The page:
The excitement from the Ravens' winning their first game in over a month and getting back into the AFC North race was replaced Monday by the realization that their offense is regressing in the second half of the season and needs to be fixed in order to make a playoff run.
"What would that mean? One guy is the featured back by definition?" said Harbaugh during his Monday news conference when asked whether he has considered making Pierce the featured back. "Both those guys are going to get a large number of carries, and I think whichever guy is playing better should get more carries as we go forward. Both of those guys have to play for us to play well. You can't have one back carrying the ball 35 times nowadays, and we don't need to do that. We think we have two very good backs, but I don't think [replacing Rice as the starter] would be the solution."
The Ravens' 20-17 overtime victory over the Cincinnati Bengals on Sunday was achieved largely in spite of the offense, which turned the ball over three times and gained a season-low 189 yards despite playing nearly 70 minutes of football.
The performance, which marked the fourth consecutive game the Ravens (4-5) have scored 20 points or fewer and the third straight in which they gained fewer than 300 yards, leaves the team with the NFL's 30th-ranked offense heading into Sunday's game against the Chicago Bears (5-4) at Soldier Field. Only the Jacksonville Jaguars and Tampa Bay Buccaneers, who both entered the week winless, have averaged fewer yards per game.
A big reason for that is the Ravens' running game, which continues to sputter with very few signs of progress. The Ravens rushed for 85 yards on 30 carries against the Bengals, and 18 of those yards came on an end-around to backup quarterback Tyrod Taylor. Rice rushed for 30 yards on 18 carries while Pierce gained 31 yards on eight attempts.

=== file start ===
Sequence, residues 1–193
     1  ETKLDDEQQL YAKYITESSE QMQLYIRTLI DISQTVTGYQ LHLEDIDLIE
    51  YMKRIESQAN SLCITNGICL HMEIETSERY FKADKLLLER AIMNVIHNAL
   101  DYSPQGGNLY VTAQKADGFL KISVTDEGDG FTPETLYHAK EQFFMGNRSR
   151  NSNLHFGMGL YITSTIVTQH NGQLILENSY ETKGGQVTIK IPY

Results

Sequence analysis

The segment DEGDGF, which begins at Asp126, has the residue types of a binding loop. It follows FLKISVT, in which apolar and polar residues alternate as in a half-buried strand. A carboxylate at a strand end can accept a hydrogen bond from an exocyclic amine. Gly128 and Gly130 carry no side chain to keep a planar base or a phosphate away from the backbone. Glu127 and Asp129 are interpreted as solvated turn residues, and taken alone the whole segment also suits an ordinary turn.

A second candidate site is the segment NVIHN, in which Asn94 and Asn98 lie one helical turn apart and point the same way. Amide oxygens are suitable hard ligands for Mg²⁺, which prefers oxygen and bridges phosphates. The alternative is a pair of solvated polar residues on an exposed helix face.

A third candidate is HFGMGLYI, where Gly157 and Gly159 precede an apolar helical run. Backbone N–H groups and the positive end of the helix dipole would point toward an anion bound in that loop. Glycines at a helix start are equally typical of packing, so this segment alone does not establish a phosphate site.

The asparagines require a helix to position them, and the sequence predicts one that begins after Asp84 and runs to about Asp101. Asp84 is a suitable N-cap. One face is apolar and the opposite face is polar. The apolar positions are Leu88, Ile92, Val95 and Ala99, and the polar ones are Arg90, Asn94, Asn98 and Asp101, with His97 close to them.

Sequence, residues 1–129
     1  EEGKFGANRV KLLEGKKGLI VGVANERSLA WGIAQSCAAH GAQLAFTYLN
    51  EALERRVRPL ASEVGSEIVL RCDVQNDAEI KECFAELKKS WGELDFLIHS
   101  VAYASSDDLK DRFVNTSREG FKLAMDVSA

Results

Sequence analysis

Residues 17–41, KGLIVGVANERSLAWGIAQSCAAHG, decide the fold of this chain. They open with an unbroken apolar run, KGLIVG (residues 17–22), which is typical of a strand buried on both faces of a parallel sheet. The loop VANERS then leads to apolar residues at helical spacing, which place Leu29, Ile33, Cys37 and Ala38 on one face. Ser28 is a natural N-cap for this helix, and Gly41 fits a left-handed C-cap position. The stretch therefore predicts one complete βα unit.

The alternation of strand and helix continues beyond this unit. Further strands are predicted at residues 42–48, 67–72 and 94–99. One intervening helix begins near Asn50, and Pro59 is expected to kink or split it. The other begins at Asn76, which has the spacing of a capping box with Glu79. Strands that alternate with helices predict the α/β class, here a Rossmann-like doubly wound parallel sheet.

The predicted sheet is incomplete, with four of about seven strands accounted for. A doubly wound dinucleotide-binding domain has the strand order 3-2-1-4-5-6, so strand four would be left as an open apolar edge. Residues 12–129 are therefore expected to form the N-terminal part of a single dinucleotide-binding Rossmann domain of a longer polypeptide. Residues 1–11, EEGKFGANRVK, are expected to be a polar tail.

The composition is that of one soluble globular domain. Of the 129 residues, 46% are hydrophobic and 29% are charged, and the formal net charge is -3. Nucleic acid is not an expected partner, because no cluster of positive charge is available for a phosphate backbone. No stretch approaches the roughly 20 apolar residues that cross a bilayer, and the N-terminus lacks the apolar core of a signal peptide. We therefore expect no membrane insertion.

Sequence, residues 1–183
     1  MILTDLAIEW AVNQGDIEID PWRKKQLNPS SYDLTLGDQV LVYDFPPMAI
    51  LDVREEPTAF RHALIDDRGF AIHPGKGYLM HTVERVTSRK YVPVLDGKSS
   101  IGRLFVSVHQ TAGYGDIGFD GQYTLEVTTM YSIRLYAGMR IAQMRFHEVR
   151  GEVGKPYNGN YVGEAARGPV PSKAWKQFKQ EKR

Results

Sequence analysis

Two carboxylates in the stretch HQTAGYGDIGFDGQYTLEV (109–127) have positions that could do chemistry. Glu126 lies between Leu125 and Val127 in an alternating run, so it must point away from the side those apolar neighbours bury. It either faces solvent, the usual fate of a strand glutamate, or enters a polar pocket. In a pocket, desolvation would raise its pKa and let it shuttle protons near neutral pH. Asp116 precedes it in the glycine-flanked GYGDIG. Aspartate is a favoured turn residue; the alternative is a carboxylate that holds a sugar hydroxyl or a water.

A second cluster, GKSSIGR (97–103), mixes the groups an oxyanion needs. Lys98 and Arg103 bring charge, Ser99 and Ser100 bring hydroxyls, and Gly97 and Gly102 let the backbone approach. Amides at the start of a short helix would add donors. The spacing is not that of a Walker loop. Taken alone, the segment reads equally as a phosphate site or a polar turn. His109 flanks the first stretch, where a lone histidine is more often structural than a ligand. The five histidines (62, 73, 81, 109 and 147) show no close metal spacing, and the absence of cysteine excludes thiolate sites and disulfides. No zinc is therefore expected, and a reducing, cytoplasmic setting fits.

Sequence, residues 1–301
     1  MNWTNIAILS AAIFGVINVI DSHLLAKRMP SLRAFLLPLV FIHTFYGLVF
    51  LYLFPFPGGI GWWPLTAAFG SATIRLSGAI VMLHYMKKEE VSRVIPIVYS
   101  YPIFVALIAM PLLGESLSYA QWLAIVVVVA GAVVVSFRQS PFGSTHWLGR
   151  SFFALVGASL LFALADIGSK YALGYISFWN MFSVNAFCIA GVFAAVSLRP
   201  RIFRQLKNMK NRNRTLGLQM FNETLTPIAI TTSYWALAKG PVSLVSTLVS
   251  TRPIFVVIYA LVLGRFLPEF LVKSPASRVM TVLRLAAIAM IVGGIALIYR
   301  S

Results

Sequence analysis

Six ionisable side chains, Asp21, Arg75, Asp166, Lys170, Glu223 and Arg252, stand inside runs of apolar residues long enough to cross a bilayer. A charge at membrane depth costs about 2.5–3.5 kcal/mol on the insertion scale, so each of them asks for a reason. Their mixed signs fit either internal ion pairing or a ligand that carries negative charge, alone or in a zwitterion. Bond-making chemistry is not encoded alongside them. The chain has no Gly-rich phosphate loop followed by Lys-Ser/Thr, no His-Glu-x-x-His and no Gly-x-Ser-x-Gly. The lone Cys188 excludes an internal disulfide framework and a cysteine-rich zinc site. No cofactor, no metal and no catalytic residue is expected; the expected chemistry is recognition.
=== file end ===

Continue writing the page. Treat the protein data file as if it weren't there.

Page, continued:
The Ravens now rank 30th in the NFL In rushing yards per game (73.1) and last in yards per carry (2.8).
"We're not as successful as we need to be. We're not even close," Harbaugh said. "We've talked about the reasons for it. It's not one thing. If it was one thing, you'd need to be able to fix it or you'd have to throw your hands up and say, 'It's something you can't fix because you don't have the answer.' Neither one of those is true. The answers are there and it's just not the run game because the passing game ties into it as well."
Asked specifically about Rice, who is averaging just 2.5 yards per carry, Harbaugh said, "You've got to look at the numbers, and definitely, it's not the same. There's no doubt about that. So, what is it? It's injury or it's not as much room to run or it's both. His health has been a factor, no doubt. He's working hard to become healthier. That's important. That's a hip flexor. That's a muscle injury, and it's hard to predict exactly what impact that has, but you've got to assume it's had an impact."